METHODOLOGY Reimer’s study examined student outcomes and instructor certification. Nearly 2500 student posttest results from the State of North Carolina Vocational Competency Achievement Tracking System (VoCATS) for technology education scores were collected from nine North Carolina counties to measure student achievement. To determine teacher qualifications (IT certifications), a web instrument was created and administered to 80 instructor participants in the selected counties. Potential respondents received an email notice and description of the study. They were given the Internet URL for responding to the questionnaire. Of the 80 teachers, 43 teachers participated in the study with nine teachers holding IT industry certifications.
Andersson’s study examined a single variable (perception of IT certification) and it’s effect on student perceptions of (a) effectiveness, (b) technical qualifications, (c) teaching methodology, and (d) student engagement). The primary statistical analysis included frequency distribution and central tendency data (such as mean, median, mode). The questionnaire surveyed CIS students attending regionally accredited post-secondary schools in the US. Potential respondents received an email notice and description of the study, including the Internet URL for responding to the questionnaire. The URL remained open for 10 days. Both Andersson’s and Reimer’s survey instruments were presented electronically by an independent vendor employing multiple layers of security to ensure that the account and data remain private and secure METHODOLOGY (CONTINUED)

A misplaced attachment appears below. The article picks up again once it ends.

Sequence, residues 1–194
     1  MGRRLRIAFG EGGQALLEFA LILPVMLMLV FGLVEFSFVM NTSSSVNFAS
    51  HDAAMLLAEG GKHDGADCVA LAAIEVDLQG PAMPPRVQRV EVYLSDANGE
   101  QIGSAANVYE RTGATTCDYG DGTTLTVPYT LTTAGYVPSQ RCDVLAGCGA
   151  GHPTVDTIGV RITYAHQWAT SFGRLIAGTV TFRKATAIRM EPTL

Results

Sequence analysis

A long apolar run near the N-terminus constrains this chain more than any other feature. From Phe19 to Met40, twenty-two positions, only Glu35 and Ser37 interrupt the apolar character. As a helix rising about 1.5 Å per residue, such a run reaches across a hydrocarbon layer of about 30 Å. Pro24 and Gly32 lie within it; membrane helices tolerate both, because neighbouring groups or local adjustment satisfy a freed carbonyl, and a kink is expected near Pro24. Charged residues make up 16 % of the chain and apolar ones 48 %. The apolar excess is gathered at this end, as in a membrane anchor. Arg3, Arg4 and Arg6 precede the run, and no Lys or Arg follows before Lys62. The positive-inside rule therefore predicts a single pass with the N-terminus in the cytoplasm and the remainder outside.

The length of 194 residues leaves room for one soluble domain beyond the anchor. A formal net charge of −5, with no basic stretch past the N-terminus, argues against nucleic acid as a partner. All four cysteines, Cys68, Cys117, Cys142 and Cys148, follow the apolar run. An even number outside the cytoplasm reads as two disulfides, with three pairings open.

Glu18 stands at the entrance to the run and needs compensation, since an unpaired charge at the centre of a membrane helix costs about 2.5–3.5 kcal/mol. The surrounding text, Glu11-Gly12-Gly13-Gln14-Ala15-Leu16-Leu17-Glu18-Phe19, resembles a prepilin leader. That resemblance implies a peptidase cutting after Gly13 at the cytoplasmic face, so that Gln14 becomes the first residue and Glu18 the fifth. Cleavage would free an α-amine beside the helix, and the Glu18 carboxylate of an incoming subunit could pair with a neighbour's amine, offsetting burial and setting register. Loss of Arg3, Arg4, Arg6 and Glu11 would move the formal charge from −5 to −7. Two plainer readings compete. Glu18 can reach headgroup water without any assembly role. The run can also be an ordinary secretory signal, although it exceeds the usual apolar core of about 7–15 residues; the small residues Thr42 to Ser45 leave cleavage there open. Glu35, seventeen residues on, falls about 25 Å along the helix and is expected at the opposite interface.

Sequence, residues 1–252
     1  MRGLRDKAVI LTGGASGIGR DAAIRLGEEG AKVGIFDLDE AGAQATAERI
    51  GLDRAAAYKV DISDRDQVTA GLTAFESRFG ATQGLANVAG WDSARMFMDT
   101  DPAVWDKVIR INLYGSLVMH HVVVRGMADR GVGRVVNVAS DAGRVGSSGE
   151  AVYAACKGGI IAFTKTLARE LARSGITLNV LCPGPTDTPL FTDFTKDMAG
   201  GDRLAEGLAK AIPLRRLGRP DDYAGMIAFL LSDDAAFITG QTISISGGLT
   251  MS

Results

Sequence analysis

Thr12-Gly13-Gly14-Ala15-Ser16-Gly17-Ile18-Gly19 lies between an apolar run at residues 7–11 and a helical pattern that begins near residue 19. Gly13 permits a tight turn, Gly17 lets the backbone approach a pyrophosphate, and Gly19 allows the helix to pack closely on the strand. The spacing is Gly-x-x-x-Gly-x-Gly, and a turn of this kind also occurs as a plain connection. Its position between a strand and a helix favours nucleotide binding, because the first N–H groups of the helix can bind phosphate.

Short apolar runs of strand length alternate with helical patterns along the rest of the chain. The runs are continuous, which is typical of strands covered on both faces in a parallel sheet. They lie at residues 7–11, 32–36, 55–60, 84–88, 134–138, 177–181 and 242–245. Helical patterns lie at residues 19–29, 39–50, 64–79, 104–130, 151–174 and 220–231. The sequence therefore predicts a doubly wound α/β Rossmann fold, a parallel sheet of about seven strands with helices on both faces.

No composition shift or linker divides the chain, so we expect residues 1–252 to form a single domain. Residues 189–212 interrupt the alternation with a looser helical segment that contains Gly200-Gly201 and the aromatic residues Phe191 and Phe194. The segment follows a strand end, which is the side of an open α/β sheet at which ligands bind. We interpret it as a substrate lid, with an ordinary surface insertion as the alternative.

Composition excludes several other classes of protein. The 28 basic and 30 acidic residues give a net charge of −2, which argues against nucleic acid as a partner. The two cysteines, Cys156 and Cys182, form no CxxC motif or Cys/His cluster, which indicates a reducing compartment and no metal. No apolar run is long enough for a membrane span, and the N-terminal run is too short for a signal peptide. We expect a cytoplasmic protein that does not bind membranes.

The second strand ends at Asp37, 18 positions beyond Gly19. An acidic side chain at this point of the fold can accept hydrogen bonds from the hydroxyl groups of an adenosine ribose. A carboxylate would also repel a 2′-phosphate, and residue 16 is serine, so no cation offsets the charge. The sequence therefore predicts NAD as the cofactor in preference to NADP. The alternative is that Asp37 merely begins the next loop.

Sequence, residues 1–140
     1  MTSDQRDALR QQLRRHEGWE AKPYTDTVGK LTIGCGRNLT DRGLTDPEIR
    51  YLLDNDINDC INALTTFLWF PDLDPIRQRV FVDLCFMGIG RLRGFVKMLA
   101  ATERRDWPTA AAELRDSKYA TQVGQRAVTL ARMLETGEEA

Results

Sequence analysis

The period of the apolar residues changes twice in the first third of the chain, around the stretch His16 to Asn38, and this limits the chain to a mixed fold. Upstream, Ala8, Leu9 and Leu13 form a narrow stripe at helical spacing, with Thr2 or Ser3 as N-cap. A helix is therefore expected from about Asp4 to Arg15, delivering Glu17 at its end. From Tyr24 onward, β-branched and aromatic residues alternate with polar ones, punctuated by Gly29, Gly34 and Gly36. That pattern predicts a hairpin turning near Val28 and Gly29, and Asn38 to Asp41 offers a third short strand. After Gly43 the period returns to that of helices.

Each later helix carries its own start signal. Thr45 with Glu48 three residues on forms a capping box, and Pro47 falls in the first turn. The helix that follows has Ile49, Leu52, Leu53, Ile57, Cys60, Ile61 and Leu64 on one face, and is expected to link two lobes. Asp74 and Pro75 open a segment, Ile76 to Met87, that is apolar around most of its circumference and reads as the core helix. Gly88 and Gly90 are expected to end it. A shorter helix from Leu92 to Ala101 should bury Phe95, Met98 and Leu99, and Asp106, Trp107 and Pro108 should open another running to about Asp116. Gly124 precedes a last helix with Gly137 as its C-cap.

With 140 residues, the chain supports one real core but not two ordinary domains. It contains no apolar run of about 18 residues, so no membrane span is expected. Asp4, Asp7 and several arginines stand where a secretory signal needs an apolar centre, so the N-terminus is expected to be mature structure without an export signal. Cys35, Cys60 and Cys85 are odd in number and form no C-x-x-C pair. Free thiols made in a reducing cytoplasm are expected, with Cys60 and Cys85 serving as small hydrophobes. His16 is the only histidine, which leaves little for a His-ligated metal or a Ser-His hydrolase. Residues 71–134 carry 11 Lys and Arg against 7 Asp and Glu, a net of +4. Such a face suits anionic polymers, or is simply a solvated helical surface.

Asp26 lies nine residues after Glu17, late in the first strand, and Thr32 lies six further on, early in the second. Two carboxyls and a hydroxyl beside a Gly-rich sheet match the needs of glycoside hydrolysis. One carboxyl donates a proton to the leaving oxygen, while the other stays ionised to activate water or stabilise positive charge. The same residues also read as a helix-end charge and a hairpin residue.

RESULTS As previously noted, many post-secondary CIS/IT faculty were unconcerned about the emergence in the 1990s of “a new, parallel universe of postsecondary credentials”. The researchers found that CIS/IT students were keenly aware of instructors who were certified. Reimers’ study found a significant difference in the learning outcomes of secondary students between technology courses taught by certified and non-certified instructors; students whose instructors held IT industry certifications had higher levels of achievement than their non-certified peers.
RESULTS STUDENT LEARNING OUTCOMES Figure 1. Secondary student learning outcomes when taught by certified and non-certified instructors.
RESULTS (CONTINUED) Andersson’s study found that college undergraduate students showed a significantly greater perception of their instructor’s effectiveness, teaching skills, technical expertise, and their own engagement in their classes with certified instructors.
UNDERGRADUATE STUDENTS’ PERCEPTIONS OF IT CERTIFICATIONS ON INSTRUCTOR EFFECTIVENESS Figure 2. Undergraduate students’ perceptions of IT certifications on instructor effectiveness.
UNDERGRADUATE STUDENTS’ PERCEPTIONS OF IT CERTIFICATIONS ON INSTRUCTOR TECHNICAL EXPERTISE Figure 3. Undergraduate students’ perceptions of IT certifications on instructor technical expertise.
UNDERGRADUATE STUDENTS’ PERCEPTIONS OF IT CERTIFICATIONS ON INSTRUCTOR TEACHING METHODOLOGY Figure 4. Undergraduate students’ perceptions of IT certifications on instructor teaching methodology.